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Bluetongue vaccination checks
Random blood testing will be carried out at markets and farms to assess compliance with rules to vaccinate livestock against bluetongue disease.
Samples will be taken from cattle and sheep throughout September, where possible during routine visits to farms and markets.
Richard Lochhead, Cabinet Secretary for Rural Affairs, urged Scotland's farmers 'not to drop their guard'. He said:
"The Scottish Government, industry organisations and individual livestock keepers have worked long and hard to keep this disease out of Scotland.
"Our compulsory vaccination programme was unique to the UK, illustrating the dedication of this industry to maintaining high standards of animal health and welfare.
"Despite the apparent lack of circulating disease, bluetongue remains a very serious threat to the livestock sector and I urge everyone to remain vigilant."
Simon Hall, Chief Veterinary Officer for Scotland, said:
"It is crucial when we are now in the highest risk period that farmers remain vigilant against this disease which can lay dormant in apparently healthy animals without any visible symptoms.
"As the midges have been active for several months, their opportunity to transfer infection from a host animal to non vaccinated beast is increasingly high.
"Bluetongue is a particularly virulent disease which can cause high mortality in sheep, severe loss of condition and infertility. A farmer's livelihood can very easily be seriously damaged."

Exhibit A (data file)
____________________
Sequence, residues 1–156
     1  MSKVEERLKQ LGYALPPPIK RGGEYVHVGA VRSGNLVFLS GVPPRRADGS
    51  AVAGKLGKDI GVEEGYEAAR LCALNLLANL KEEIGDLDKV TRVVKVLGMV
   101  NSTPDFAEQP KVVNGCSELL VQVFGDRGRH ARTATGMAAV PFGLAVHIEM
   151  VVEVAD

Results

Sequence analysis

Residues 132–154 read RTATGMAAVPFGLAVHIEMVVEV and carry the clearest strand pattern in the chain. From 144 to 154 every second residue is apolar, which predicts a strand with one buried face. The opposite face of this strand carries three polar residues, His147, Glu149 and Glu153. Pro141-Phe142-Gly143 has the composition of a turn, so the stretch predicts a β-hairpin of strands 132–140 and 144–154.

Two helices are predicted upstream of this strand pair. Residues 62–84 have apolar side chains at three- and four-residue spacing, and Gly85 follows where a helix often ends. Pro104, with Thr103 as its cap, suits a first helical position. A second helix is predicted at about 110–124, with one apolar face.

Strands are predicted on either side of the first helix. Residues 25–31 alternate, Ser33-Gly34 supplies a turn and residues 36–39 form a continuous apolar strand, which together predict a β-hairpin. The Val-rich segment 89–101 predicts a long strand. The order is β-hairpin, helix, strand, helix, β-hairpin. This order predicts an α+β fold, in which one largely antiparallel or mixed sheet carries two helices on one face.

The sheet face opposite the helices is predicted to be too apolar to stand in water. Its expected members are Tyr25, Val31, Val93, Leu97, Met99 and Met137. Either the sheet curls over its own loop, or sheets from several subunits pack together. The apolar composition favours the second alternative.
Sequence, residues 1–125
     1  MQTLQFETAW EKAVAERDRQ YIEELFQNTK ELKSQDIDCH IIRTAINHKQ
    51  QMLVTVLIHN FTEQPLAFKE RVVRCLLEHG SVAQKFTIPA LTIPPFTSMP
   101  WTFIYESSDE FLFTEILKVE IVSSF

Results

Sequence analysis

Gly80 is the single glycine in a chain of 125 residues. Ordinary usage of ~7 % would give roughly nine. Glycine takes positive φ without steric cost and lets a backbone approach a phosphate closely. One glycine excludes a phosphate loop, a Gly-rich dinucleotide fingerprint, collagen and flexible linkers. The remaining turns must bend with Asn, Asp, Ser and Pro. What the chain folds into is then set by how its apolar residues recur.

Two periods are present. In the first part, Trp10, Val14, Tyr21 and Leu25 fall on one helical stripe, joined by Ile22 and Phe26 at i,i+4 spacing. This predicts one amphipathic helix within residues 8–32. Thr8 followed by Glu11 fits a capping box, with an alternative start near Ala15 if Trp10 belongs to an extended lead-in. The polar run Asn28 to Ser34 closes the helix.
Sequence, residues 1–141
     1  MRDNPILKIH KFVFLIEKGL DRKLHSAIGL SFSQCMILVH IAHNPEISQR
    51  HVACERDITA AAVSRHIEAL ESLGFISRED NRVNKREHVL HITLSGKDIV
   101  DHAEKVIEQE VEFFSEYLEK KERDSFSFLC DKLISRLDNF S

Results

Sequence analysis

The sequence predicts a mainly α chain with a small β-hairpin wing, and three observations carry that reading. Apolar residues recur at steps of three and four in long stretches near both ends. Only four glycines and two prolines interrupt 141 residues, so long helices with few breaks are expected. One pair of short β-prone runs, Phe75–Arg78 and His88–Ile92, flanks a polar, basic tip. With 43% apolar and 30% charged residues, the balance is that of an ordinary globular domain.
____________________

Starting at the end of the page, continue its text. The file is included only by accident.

Livestock keepers are urged to:
- Report any suspicion of bluetongue to their local Animal Health Office
- Continue to source animals responsibly
- Vaccinate cattle and sheep as they reach the eligible age
The compulsory vaccination programme, compliance with which has been very high, will be suspended on October 25 as we move into the vector free period. After this date keepers may continue to vaccinate their stock on a voluntary basis.
Surveillance will be carried out in November to provide a clearer picture of the disease situation. This will inform discussions between the Scottish Government and stakeholders with the aim of agreeing the vaccination arrangements for 2010 by the end of 2009. If a further compulsory campaign is required in 2010, full vaccination of stock will again be required by the end of April 2010, in the same way as it was in 2009.
A compulsory vaccination campaign is currently in place in Scotland for cattle and sheep. Keepers must ensure full vaccination of their animals by six months of age, or before moving from their premises at over three months of age.
Random testing will be carried out by staff from the Government's five Animal Health Area offices in Ayr, Galashiels, Inverness, Inverurie and Perth.
Farmers should seek advice on bluetongue vaccination from their vet or local Animal Health Office.